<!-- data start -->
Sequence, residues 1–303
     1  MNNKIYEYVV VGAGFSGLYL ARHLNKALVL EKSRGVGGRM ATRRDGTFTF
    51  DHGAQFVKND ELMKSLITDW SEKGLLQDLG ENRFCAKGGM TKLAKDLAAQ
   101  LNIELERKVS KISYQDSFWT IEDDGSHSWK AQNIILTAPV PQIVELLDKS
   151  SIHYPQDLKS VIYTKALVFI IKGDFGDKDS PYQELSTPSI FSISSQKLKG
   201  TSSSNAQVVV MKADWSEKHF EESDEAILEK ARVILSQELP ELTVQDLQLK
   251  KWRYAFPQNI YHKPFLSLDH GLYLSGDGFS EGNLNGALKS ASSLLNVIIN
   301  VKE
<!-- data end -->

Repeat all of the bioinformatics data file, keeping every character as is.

Sequence, residues 1–303
     1  MNNKIYEYVV VGAGFSGLYL ARHLNKALVL EKSRGVGGRM ATRRDGTFTF
    51  DHGAQFVKND ELMKSLITDW SEKGLLQDLG ENRFCAKGGM TKLAKDLAAQ
   101  LNIELERKVS KISYQDSFWT IEDDGSHSWK AQNIILTAPV PQIVELLDKS
   151  SIHYPQDLKS VIYTKALVFI IKGDFGDKDS PYQELSTPSI FSISSQKLKG
   201  TSSSNAQVVV MKADWSEKHF EESDEAILEK ARVILSQELP ELTVQDLQLK
   251  KWRYAFPQNI YHKPFLSLDH GLYLSGDGFS EGNLNGALKS ASSLLNVIIN
   301  VKE